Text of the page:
Then there’s the danger posed by spyware, which has been used by governments to plunder journalists’ contacts lists and to turn their phones into listening devices. On Journo, we will examine all of these issues.
Also we will question whether some of the problems we face as an industry are of our own making.
How can we safeguard our impartiality as journalists, for example, when the lines are being blurred between news and opinion?
Is impartiality going to become as outdated and obsolete as typewriters in newsrooms, as politics and the media becomes more polarised?
I don’t claim to have all the answers. Nowhere near. But hopefully we’ll ask some of the right questions.
The podcasts that I generally enjoy listening to involve the presenter joining the audience in a quest for understanding, and making discoveries along the way. On Journo, I hope you will join me on that journey.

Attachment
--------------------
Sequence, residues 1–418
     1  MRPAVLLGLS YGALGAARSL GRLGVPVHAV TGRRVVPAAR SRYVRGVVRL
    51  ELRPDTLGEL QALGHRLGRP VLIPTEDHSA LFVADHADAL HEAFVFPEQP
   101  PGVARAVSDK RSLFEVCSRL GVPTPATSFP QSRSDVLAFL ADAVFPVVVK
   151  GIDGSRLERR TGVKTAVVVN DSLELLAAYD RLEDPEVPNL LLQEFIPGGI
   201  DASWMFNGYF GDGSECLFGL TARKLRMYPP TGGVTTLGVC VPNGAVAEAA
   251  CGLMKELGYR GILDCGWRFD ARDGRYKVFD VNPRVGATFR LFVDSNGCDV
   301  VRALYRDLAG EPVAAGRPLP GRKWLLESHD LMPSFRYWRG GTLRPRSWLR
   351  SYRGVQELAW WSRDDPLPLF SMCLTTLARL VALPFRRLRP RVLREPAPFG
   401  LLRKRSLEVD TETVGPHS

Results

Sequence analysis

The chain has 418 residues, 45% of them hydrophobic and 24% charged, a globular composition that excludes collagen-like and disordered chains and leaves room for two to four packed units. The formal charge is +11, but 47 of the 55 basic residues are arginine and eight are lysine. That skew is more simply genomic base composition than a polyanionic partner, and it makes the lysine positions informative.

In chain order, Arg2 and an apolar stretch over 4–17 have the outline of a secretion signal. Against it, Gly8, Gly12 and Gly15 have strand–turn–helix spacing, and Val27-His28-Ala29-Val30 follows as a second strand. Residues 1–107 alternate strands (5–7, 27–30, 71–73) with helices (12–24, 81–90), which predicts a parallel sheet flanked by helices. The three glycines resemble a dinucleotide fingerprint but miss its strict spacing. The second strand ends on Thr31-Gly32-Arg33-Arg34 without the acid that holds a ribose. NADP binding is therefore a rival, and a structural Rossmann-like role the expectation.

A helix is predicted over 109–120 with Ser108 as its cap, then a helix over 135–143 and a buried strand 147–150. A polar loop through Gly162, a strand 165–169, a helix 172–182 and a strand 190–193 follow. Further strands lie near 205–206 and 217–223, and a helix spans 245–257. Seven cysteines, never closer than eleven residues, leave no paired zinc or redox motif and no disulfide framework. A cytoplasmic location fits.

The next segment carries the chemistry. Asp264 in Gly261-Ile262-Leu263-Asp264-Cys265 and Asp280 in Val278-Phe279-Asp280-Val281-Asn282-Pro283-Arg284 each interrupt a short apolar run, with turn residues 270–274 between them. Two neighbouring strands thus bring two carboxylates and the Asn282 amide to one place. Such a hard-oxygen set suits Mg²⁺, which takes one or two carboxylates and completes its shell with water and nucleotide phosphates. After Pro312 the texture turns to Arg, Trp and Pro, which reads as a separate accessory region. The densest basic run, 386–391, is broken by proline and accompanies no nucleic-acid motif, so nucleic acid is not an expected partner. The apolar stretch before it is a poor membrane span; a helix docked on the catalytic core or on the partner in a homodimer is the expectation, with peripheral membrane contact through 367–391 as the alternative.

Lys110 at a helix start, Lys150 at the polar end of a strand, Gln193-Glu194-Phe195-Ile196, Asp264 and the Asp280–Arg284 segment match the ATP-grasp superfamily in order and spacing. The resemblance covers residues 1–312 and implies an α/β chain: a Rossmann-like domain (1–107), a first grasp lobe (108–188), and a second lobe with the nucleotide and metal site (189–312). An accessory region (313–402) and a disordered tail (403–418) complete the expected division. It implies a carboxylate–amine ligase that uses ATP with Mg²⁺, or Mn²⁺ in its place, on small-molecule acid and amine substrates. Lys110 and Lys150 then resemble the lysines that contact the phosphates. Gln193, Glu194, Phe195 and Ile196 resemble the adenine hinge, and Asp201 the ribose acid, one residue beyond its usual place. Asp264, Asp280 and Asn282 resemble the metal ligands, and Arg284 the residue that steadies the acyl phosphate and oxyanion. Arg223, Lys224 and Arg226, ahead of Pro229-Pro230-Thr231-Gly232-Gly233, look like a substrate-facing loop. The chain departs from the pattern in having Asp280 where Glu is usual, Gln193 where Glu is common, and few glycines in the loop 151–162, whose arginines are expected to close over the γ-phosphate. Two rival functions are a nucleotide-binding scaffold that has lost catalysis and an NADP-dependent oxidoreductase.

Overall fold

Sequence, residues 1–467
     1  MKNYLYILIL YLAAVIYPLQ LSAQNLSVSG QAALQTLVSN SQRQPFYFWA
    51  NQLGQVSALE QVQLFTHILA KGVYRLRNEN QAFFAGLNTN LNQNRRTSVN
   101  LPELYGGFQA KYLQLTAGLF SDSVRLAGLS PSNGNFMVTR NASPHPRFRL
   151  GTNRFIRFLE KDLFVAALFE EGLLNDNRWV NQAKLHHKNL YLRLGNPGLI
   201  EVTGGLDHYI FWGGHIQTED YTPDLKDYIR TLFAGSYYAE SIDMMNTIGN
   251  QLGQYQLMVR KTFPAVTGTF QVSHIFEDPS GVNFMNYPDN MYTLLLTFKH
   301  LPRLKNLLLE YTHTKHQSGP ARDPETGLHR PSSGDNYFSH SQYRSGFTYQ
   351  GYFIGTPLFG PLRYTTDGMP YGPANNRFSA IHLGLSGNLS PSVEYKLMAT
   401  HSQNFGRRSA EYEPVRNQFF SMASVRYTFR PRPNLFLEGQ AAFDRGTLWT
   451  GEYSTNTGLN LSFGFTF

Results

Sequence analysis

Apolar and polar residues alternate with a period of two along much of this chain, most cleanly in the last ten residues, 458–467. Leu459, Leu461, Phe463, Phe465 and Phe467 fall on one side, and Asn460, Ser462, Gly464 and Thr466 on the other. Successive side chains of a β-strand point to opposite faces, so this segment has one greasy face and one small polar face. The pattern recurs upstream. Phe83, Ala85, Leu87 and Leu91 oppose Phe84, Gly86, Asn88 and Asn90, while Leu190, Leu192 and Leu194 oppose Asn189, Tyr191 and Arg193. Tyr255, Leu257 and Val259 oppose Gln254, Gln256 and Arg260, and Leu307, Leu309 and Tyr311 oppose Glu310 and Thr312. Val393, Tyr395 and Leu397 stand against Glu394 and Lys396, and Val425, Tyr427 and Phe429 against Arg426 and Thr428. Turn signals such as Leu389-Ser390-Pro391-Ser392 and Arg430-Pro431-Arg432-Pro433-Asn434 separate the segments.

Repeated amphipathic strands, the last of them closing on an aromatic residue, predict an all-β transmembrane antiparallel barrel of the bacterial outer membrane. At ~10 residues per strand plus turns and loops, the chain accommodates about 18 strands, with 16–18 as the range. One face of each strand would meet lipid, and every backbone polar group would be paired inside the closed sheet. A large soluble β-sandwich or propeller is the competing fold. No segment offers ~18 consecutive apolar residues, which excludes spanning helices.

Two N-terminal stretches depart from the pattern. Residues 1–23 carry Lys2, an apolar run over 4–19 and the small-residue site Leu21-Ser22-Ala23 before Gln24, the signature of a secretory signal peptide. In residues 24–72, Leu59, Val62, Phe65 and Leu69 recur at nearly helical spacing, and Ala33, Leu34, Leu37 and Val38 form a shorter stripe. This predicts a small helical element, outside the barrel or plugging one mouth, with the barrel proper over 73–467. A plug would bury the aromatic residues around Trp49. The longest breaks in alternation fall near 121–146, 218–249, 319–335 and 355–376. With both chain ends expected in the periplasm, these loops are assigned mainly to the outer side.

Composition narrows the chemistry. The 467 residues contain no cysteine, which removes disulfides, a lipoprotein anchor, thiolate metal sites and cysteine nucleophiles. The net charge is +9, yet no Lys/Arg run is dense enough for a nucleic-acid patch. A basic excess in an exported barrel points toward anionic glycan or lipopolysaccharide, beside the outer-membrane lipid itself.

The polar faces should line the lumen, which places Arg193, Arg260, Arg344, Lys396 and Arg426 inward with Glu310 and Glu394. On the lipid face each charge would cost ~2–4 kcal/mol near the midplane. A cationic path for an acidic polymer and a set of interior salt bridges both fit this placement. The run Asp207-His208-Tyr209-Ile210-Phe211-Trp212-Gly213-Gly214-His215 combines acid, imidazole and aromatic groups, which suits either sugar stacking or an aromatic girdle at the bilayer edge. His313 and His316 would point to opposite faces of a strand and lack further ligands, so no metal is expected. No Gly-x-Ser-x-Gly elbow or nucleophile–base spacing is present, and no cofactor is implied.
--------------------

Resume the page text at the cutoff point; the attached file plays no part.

Nick Bryant is a foreign correspondent, author and writer, and hosts JNI’s new podcast Journo. He was the BBC’s Australia correspondent from 2006 to 2013. He has reported from war zones and trouble spots such as Afghanistan, Kashmir, Pakistan, Sri Lanka, Rwanda, and the Middle East. Most recently he was the BBC’s New York correspondent. Nick is the author of a number of bestselling books including, When America Stopped Being Great: A history of the present and The Rise and Fall of Australian: how a great nation lost its way.